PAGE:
Know where your food comes from – it’s ‘egg’cellent!

Eggs, have you ever tasted a really good egg? Chances are you haven’t. I am writing this post while visiting my mother in Florida for Easter, so eggs are on my mind (and yes, I am very fortunate to be able to combine family reunions and beach life.. I know!) Earlier this week, we went out with old friends for breakfast at a typical diner and ordered the standard bacon and eggs. My son looked at his food with a special look on his face and said ‘what is wrong with my egg?’ as he dipped his toast into a pale yellow yolk. We are used to deep orange yolks, full of flavour and nutrients, and we eat them with good conscience because we have our own chickens. They quite honestly won the chicken lottery getting a spot in our hen house after having lived their lives indoors before they came here. Now they eat our kitchen scraps and garden slugs and free range in the sun. And in return, we get eggs, garden fertiliser and entertainment – they are great company! After having been …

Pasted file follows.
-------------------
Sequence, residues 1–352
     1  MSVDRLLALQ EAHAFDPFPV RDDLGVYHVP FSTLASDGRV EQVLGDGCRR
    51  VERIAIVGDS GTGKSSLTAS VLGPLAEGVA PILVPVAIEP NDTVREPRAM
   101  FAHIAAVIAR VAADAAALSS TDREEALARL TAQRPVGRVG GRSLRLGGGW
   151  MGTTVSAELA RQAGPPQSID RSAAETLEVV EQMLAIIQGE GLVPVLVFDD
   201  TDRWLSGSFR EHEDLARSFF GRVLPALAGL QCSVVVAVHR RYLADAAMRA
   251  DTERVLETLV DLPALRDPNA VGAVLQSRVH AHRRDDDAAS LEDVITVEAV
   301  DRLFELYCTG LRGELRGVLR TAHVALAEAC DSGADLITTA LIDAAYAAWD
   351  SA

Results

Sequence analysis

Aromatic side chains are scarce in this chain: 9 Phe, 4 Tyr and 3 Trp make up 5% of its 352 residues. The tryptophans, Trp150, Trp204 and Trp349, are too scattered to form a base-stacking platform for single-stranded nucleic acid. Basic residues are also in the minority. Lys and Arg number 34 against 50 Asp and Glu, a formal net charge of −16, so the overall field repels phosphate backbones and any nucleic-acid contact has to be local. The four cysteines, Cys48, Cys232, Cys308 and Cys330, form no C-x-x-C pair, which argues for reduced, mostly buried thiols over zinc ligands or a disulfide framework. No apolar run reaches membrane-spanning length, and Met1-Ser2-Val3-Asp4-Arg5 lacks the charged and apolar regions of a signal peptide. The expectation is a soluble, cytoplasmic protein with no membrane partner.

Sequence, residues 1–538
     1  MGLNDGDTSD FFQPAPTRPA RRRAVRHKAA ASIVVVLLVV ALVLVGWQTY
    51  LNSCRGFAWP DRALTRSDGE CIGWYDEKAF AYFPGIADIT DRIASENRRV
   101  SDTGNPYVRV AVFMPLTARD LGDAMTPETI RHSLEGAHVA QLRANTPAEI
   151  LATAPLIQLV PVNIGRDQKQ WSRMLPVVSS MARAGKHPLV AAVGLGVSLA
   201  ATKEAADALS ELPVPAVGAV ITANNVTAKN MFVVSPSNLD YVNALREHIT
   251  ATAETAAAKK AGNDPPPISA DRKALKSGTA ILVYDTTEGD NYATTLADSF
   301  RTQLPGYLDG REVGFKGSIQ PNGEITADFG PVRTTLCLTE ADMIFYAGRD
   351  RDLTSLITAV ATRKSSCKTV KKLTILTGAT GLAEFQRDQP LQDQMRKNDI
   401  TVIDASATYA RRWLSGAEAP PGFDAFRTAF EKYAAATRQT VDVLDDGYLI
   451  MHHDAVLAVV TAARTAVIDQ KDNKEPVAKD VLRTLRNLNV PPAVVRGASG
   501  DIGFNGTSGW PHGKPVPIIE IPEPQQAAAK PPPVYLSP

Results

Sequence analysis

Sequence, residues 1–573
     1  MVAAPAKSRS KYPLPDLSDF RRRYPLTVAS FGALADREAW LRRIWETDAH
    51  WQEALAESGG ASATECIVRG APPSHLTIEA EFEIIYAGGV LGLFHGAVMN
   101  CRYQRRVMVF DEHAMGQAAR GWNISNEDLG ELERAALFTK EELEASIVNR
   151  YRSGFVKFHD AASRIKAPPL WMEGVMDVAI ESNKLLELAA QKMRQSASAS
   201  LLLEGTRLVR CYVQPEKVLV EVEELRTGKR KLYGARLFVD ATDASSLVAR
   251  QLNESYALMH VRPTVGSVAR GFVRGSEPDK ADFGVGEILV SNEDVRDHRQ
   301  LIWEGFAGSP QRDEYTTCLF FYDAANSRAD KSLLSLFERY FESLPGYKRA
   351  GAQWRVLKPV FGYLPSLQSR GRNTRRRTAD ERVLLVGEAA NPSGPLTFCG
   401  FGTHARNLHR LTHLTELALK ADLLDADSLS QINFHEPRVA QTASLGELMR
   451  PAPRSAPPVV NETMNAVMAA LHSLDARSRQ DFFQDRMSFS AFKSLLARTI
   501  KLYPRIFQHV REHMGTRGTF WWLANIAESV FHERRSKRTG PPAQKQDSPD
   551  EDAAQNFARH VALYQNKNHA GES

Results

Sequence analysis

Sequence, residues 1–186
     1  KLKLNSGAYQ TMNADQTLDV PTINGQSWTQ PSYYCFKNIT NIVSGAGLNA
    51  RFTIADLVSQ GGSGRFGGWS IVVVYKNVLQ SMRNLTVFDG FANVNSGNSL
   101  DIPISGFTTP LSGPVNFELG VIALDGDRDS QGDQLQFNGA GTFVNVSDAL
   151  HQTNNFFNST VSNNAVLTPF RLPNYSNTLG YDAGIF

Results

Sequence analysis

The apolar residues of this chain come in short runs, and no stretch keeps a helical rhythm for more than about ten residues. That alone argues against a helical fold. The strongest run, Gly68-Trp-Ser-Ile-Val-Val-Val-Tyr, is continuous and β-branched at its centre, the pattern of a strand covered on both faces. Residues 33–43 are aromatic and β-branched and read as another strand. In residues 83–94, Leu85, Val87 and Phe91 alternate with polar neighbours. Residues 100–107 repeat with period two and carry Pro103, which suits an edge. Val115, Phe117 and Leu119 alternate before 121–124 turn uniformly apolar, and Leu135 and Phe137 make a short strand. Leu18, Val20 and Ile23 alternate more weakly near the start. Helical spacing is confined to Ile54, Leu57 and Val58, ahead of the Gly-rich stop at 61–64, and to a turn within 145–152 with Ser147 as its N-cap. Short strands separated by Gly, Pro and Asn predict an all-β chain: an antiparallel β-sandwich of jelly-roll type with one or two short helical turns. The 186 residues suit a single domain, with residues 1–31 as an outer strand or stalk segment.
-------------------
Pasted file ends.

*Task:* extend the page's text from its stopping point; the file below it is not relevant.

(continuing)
Upcycled and put to new use

  Every year for my daughters birthday, we try and include an activity as part of her birthday celebration. The girls are getting older, and it is a delight to see them work together. Last year, as part of the UN declaring 2015 the year of the Soil, we planted tomatoes (see our blog post here), I have heard some managed to even keep the plants going all season and enjoyed the ‘fruits of their labour’. This year, we decided to do upcycle old clothes and silk test samples from the studio into hair accessories, they were all very pleased with the results, so am I. To learn how to make fabric covered button parts, you can read my post from 2009 here. The details about adding pony tails is also included. My daughter who is now 10, is in full production mode to make a series that she can give as gifts, and maybe even sell 😉